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How to find your niche or “home-away-from-home” while studying abroad in Ireland?

By Jordan Hall, Michaelmas 2018 Study Abroad Student from the University of California, Santa Barbara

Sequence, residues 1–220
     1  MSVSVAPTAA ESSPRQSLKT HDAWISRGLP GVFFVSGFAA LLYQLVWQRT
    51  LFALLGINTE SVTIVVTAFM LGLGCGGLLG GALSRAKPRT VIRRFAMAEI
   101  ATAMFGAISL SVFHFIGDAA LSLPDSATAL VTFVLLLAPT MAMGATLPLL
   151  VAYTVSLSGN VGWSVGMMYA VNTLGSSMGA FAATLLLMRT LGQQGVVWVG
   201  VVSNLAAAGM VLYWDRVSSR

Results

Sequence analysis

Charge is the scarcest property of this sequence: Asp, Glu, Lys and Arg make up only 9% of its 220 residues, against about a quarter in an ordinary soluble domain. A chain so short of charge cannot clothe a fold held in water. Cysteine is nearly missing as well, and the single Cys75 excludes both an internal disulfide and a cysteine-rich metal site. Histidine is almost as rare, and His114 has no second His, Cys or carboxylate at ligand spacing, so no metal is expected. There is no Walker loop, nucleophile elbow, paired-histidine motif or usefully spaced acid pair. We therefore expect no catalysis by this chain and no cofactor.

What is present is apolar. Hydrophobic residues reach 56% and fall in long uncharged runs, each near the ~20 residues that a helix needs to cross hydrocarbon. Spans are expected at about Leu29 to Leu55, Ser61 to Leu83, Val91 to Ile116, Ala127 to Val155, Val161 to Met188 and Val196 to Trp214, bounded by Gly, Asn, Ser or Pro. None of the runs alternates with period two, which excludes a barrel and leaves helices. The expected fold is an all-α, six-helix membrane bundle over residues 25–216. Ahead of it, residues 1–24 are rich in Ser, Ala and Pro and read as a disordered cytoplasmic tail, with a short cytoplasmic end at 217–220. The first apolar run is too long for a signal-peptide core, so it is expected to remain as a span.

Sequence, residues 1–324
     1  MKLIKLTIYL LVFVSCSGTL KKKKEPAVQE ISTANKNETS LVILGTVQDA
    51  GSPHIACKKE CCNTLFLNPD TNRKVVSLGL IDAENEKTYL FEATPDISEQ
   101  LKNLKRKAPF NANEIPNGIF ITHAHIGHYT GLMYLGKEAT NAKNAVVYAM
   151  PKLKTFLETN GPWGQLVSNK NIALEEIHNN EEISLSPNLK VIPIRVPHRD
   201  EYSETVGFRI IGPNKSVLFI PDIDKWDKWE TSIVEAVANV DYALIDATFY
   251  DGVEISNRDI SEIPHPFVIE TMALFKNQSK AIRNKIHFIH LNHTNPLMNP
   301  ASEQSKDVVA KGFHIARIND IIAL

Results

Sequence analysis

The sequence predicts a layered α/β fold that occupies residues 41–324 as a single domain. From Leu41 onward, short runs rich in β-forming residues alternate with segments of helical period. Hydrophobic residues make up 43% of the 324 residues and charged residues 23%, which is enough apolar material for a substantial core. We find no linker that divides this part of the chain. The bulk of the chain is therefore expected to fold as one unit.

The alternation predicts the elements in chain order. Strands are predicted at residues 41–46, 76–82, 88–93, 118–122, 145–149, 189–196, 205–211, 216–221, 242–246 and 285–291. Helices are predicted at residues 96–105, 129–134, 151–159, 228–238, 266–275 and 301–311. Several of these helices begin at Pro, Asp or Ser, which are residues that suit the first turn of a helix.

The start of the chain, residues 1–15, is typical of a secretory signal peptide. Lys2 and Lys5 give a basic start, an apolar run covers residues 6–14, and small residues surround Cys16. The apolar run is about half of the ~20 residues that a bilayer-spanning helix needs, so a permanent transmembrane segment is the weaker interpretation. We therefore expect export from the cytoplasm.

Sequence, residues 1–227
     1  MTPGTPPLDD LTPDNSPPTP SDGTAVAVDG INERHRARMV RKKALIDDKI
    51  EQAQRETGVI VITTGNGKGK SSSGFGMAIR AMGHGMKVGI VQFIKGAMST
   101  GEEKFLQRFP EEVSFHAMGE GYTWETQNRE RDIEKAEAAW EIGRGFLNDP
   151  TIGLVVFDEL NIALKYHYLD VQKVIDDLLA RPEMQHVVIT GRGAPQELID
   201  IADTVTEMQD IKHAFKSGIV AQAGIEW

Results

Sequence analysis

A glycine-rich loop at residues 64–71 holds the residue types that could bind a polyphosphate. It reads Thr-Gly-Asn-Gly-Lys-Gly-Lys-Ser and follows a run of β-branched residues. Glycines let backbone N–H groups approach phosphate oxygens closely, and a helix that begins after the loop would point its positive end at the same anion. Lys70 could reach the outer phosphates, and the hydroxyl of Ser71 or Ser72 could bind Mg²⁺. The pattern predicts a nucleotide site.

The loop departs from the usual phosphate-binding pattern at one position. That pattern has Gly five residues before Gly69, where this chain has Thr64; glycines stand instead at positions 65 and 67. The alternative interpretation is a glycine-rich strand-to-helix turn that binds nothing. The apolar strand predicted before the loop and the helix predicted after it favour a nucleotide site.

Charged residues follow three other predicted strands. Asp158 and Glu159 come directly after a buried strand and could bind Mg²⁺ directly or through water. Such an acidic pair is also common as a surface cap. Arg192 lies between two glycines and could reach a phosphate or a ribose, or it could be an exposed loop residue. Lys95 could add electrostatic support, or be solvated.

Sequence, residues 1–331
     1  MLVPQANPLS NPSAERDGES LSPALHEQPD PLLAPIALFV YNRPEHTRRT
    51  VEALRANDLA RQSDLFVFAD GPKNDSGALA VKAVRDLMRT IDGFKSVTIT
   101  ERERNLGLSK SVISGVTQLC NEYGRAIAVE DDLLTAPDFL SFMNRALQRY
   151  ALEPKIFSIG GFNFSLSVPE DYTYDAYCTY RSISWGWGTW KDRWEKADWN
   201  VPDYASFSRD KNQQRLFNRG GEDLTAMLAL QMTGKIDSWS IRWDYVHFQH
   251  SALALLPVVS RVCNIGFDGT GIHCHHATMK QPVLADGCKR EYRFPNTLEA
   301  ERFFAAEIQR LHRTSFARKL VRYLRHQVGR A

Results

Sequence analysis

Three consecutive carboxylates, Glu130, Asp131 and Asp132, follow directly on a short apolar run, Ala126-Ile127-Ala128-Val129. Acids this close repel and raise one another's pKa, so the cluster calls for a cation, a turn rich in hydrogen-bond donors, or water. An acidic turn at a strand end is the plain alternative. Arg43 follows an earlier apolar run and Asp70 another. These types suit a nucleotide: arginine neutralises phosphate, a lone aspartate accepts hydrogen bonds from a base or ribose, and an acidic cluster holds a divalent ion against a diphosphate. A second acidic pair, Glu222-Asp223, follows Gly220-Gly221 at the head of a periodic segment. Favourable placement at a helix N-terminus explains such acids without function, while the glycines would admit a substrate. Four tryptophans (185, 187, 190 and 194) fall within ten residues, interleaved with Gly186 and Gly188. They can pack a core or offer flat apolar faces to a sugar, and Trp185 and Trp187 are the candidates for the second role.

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Between studying for classes and exploring the sights, it can be difficult to find the time to root yourself. You may convince yourself you don’t need to make connections, especially if you are only staying for a short time, like a semester. But, a lack of connections can make us feel isolated and lonely while in an unfamiliar place. I can assure you that your experience will be much more enjoyable if you make an effort to meet people. It doesn’t have to be a deep connection and you shouldn’t try to force any friendships, but finding your niche can give you an enormous sense of well-being, even if you only connect with your group once a week. It goes beyond answering the small-talk questions like, “What are you involved in?” Joining a group or society allows you to immerse yourself in the local culture and make your mark. It allows you to place yourself among the constant backdrop of life in a foreign place that you are only a temporary part of. Continue reading How to find your niche or “home-away-from-home” while studying abroad in Ireland?